Less than two weeks into her Reputation era, Taylor Swift has never been more exhausting.
After a week-long buildup, Swift's Look What You Made Me Do video premiered at the VMAs Sunday night — stealing the spotlight from host Katy Perry, whose history with Swift continues to be exhausting. Directed by her favorite visual collaborator, Joseph Kahn — whose previous videos for the star haven't always nailed the right tone — the macabre clip plays out a meta revenge fantasy that casts Swift as an evil overlord, gazing down as a writhing mass of her former personas claw to her pedestal.
The video is full of Easter eggs and hidden messages that critics have feverishly unpacked in the hours since its release. Most notably, it ends with a line of former Taylors, wearing hyper-specific outfits from her past performances and music videos, lobbing increasingly on-the-nose insults at one another, as one Taylor sneers, “There she goes, playing the victim again.”
Trouble is, while those past Taylor Swifts that she symbolically kills off in the video weren't perfect, at least they were centered around more than just a lust for revenge, which seems to be the only defining characteristic about Swift's Reputation phase thus far. They played the guitar. They wore costumesinsilly music videos. They danced with Tom Hiddleston at the Met Gala.
Not seen in the video was a representation of the Taylor Swift that advocated for sexual assault victims in court last month, which many fans hoped would signal a new direction for the star. It's hard not to wonder whether that version was also purged to make way for this new Taylor Swift, whose only discernible qualities are a drawer full of receipts and a penchant for Blackout-era Britney Spears. As Swift declares in the video, she's always had a reputation for playing the victim. But now, that pettiness, that used to exist as part of a multifaceted artist, is all she has.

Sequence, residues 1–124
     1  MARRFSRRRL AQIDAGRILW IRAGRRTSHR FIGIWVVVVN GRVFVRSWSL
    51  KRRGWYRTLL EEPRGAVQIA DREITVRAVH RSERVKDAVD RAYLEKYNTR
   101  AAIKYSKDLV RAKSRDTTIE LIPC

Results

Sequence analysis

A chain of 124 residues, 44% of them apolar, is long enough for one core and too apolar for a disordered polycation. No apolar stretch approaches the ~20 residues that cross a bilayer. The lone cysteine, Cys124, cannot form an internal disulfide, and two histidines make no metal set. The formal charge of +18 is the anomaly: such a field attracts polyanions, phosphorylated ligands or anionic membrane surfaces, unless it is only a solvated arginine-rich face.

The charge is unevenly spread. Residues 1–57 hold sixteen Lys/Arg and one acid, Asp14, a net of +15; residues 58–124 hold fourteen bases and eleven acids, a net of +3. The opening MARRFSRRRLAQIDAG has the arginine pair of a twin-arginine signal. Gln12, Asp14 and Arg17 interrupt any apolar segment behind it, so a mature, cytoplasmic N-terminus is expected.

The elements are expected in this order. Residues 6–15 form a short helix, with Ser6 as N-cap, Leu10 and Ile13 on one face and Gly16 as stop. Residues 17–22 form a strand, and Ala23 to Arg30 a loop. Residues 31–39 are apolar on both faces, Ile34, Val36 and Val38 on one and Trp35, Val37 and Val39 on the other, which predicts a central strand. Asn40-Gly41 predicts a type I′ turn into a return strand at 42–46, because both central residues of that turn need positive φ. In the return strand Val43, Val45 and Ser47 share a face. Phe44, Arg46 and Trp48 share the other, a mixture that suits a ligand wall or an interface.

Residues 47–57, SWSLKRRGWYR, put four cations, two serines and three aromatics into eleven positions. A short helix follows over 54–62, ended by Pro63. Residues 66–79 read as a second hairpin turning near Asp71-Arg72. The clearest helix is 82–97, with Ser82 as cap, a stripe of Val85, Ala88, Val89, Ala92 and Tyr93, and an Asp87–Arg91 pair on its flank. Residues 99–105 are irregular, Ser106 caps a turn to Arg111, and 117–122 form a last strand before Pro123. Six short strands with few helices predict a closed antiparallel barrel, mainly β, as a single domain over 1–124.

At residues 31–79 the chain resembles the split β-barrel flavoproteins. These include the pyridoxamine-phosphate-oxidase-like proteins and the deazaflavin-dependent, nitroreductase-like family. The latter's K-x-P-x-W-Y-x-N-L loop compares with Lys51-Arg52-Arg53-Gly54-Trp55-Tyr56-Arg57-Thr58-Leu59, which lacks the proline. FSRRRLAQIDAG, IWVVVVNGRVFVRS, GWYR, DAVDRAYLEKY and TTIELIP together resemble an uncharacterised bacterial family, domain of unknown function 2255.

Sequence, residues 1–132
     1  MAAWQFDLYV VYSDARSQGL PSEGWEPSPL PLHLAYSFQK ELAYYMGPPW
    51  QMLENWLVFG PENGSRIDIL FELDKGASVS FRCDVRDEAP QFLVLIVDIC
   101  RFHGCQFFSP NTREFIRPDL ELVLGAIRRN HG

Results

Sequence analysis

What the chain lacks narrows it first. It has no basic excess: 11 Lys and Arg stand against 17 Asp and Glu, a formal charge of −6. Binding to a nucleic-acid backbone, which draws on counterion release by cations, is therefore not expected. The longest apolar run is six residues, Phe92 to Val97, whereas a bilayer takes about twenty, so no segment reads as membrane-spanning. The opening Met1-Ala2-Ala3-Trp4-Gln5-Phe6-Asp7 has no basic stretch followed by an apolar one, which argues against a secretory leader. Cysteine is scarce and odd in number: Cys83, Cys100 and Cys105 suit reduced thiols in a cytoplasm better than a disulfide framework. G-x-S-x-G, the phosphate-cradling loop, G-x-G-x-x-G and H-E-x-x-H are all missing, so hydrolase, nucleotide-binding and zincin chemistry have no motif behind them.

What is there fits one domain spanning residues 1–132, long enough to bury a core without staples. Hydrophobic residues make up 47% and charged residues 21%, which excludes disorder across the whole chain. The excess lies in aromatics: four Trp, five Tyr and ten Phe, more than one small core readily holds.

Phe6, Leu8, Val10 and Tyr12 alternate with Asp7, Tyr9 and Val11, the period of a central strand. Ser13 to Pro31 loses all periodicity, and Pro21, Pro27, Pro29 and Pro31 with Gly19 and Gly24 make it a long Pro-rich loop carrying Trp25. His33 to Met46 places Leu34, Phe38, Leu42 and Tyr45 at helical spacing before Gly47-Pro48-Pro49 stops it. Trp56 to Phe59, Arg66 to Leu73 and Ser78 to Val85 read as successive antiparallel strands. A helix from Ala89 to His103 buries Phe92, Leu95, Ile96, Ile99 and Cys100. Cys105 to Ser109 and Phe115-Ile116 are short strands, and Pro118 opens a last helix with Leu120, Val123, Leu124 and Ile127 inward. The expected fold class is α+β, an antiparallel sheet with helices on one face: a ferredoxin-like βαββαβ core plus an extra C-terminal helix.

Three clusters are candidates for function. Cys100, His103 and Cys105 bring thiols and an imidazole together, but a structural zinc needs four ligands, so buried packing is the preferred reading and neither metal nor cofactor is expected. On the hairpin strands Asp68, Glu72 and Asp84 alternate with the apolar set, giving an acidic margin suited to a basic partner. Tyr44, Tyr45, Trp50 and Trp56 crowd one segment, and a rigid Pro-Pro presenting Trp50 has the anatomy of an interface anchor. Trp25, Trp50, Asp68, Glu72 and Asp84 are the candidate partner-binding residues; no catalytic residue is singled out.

The Look What You Made Me Do video is Swift's attempt at self-awareness, full of Easter eggs intended to prove to the viewer that Swift hasn't forgotten all the nasty things people have said about her over the years. Unfortunately for Swift, simply commenting on her soured reputation does not a cultural critique make.
The video is alternately cruel and cheap, mocking many of the figures Swift relied on to craft her 1989-era public image, equating her “squad” of friends to plastic mannequins and dragging poor Tom Hiddleston back into the narrative with a line of dancers wearing a play on his infamous “I heart T-Swift” shirt.
While Swift may change her adversarial tone in her forthcoming singles prior to Reputation's release on Nov. 10, she's certainly signaling with the Look video that she's not quite finished lashing out at her enemies. That's a shame, considering that prior to Look’s release, there was hope that Swift’s forthcoming era would strike a different tone.
Swift took a much-needed year away from the spotlight last year after a series of wildly dumb tabloid dramas, including lashing out against Perry with her Bad Blood single and video, tussling with Kanye West and Kim Kardashian over Famous, and the humiliating saga that was Hiddleswift. Looking back, these headlines will all-but-overshadow her actual 1989 album in the Swiftian history books. Too bad that 1989 is an infinitely better work of pop music than Look, a dull new single that cheapens the work of an artist who was once among her generation's best songwriters.
After disappearing for much of 2016 and 2017, Swift returned for her successful trial against radio DJ David Mueller, where a jury concluded that he groped the singer during a meet-and-greet. Swift thanked her fans and recognized her privilege in a statement after the trial, before pledging to donate to organizations supporting sexual assault victims, signaling that a more mature and meaningful era for the singer may be on the horizon.
Fast forward to this week, when Swift is being accused of mocking Kim Kardashian's Paris robbery with a scene in the Look video where she pantomimes shooting a gun while buried in jewels in a bathtub. Considering Kardashian was bound at gunpoint in a bathtub while being robbed of her diamonds, the video's allusion is clueless at best, and merciless at worst, a microcosm of Swift's Reputation era thus far.
While Swift may direct Look What You Made Me Do at an intentionally-vague "you," blaming her villainous transformation on an unidentified target, the only person responsible for her regrettable new persona is herself.
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